Democrats even briefly toyed with using that as one of their campaign themes,
but it got lost in a presidential campaign that focused mostly on national security
and John KerryJohn KerryTrump fails to mention Clinton in inaugural address Hillary Clinton under microscope at inauguration Overnight Tech: Meet the key players for Trump on tech | Patent chief staying on | Kerry aide goes to Snapchat | Uber's M settlement MORE’s flip-flopping ways.
But that didn’t mean Pelosi forgot about her pledge.
This healthcare reform package is notable for many reasons. It took a long time to get done. It spends a lot of money. It will immediately raise premiums. It promises to give better access to health insurance to those with pre-existing conditions. It makes people who don’t want to buy or can’t afford to buy health insurance buy health insurance.
And it repeals two parts of the original and most offensive (from Pelosi’s perspective) portions of the bill. It destroys the Medicare Advantage program, which Democrats irrationally feared would lead to the privatization of the Medicare program. And it makes the prescription drug companies fill in the so-called doughnut hole, which was put in place to keep the original bill within its budget parameters.
Pelosi discovered early on that she couldn’t repeal and replace a benefit, which grew more popular the more it was put into place. And so she focused on those parts she could repeal and worked with single-minded determination.
Republicans don’t face the exact same dynamic that Pelosi did seven years ago.
The Medicare prescription bill faced ideological opposition from some conservatives and some liberals, but didn’t spark the widespread anger that has dogged this healthcare bill. Because the Medicare bill was focused mostly on giving more benefits to a specific class of people (namely, old people), it didn’t affect most Americans. On the other hand, this healthcare bill is going to hit everybody, either through higher premiums, the individual mandate or higher taxes, so the opposition is deeper and wider.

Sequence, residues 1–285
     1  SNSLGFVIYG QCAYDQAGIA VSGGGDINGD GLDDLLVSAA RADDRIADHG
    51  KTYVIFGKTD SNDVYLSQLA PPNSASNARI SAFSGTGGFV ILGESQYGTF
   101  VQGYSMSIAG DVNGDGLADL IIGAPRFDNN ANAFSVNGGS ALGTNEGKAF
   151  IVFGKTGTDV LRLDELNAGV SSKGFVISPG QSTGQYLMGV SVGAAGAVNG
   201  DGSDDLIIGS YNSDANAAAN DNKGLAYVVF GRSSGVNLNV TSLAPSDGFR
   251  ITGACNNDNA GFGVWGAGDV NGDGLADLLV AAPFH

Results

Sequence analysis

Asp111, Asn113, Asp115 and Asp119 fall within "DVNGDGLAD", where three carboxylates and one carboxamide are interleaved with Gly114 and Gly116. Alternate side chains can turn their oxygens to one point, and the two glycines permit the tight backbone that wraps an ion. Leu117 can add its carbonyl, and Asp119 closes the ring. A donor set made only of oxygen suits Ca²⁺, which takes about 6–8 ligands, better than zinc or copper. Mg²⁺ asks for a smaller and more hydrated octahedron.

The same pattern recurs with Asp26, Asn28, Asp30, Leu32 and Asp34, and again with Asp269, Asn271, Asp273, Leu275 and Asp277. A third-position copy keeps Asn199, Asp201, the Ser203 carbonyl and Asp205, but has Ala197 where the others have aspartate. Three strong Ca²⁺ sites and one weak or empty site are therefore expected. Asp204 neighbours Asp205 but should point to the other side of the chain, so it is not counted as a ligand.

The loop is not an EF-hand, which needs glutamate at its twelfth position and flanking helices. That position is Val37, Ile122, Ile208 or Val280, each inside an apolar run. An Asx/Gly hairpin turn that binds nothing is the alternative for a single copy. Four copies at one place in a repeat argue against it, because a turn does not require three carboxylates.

That being said, Republicans face a stiff resistance to actually repeal the bill, even if they gain a majority in both the House and the Senate. In a “Bring it On” moment, the President taunted Republicans to try to repeal the whole bill over his veto pen. It is unlikely that the GOP will be able to get a two-thirds vote to override a presidential veto.
Instead of promising the unachievable, I think Republicans should adopt a Pelosi-like strategy when it comes to dealing with this healthcare plan. That plan has three steps.
First, forget about repealing the stuff that will prove to be popular. Let’s not break our pick trying to repeal the ban on pre-existing conditions. Not good politics.
Second, let’s not repeal those parts of the bill that had bipartisan support and will actually do some good things for the American people. A provision that gives the biotech industry intellectual property protection so it can continue to create life-saving drugs in the future should stay.
Third, focus on those parts of the bill that will prove to be wildly unpopular and worse, be terrible policy. The tax on medical devices will make healthcare more costly for senior citizens (who use most of the devices). The individual mandate, accompanied by the thousands of IRS agents who will be hired to enforce, will be seen by many Americans to be an unholy intrusion into their lives by the government. The destruction of the Medicare Advantage program should be reversed. You get my point.
It was Winston Churchill who said that revenge is best served cold. That is what Nancy Pelosi did when she finally got her revenge on Republicans who passed the prescription drug benefit in 2003. Republicans can learn from her example as they embark on a strategy to repeal parts of this terrible law.